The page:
and fonts. The children also become acquainted with the gestures of our liturgy and their meaning of the
Paschal Mystery: Christ has died, Christ is risen, and Christ will come again. A prayer corner located in each
atrium reflects the liturgical time of year by means of appropriate colors, prayer, songs, artwork, and readings.

Children in the Level II (ages 6-9) atrium come to know that God is working from Creation, through
redemption, toward Parousia when God’s love will be all in all. God calls us to participate in this plan. Jesus
shows us the way to live together in peace and joy as we abide in him through the Eucharist and Baptism.
The Level III (ages 9-12) atrium gives children the opportunity to explore more deeply the covenants with God
revealed in Hebrew Scripture. Looking at more detailed history of humankind, they discover how God draws all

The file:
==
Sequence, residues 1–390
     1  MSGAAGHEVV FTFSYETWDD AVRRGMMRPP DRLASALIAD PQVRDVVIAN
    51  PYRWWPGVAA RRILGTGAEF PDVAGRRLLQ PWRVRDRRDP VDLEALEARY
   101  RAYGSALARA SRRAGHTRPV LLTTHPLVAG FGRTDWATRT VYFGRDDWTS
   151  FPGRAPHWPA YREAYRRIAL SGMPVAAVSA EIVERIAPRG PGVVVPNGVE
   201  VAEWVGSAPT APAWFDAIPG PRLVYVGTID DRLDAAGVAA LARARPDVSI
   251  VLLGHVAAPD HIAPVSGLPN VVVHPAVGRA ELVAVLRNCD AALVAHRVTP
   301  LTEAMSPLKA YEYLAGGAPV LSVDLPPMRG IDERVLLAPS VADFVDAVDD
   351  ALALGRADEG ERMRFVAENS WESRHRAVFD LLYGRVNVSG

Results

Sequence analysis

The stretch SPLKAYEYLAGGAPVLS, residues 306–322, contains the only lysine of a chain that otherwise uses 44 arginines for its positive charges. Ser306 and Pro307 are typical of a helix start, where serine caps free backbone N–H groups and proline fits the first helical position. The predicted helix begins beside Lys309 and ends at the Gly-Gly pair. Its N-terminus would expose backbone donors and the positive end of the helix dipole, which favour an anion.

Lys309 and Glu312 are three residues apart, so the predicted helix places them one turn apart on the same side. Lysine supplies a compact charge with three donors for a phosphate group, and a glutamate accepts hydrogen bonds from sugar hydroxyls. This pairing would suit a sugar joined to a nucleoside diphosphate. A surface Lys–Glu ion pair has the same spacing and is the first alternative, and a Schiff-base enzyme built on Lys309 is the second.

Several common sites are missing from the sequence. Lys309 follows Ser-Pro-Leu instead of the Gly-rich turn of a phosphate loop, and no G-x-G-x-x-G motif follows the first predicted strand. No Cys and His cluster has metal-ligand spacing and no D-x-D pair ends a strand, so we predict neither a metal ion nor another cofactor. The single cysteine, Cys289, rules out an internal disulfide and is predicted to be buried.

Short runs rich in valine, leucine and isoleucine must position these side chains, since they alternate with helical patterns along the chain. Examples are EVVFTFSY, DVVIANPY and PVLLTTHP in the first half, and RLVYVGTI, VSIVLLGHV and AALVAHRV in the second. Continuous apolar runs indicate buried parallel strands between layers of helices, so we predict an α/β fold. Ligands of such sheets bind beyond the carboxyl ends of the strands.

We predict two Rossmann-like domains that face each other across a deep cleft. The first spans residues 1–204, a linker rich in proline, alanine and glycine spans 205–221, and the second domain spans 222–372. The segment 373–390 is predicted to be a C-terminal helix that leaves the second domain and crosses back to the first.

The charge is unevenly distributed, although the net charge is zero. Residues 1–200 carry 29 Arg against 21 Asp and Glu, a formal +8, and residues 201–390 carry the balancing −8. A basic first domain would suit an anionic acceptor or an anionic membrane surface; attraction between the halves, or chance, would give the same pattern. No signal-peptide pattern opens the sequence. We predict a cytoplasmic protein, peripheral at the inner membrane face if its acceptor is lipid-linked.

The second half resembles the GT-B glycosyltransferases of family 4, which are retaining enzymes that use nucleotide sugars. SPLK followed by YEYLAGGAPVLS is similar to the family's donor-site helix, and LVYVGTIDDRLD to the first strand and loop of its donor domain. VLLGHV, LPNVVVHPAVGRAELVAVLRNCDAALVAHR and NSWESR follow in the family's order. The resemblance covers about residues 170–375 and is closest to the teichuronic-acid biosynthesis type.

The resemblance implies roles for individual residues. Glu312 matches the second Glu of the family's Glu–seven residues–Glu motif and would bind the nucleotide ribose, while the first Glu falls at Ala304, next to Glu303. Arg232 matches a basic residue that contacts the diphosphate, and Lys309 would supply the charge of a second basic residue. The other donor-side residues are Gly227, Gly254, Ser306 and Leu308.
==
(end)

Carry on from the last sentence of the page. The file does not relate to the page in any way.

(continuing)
of creation toward the Parousia. They see in a more challenging way how God calls us to use our gifts to write
the blank page toward the Parousia, and to be held in covenant with God and each other through the Eucharist
and Baptism.

The Child in the Atrium

A young child enters the atrium and, after looking around for a few moments, unrolls a mat on the floor. He
goes to a shelf and picks up a large wooden circle covered in green fabric and supporting a small wooden
fence. He carries this circle to his mat. Next, he returns to the shelf and retrieves a box that contains sheep
and a shepherd. Kneeling at his mat, the child arranges the sheep and shepherd within the sheepfold. After
pausing for a moment to appreciate the scene, the child begins to move one sheep, and then another, from
within the safety of the fence. Next, he moves the shepherd to recover the sheep. Sitting back to contemplate
these actions, the boy pauses once again. After a moment, satisfied, the child returns the sheep and shepherd
to the shelf. This young boy will repeat this “work” many times over the next few years, constantly growing in
his understanding of, and relationship with, Jesus Christ, the Good Shepherd.

A few minutes later an older child chooses this same work and diligently lays out her materials on a mat. She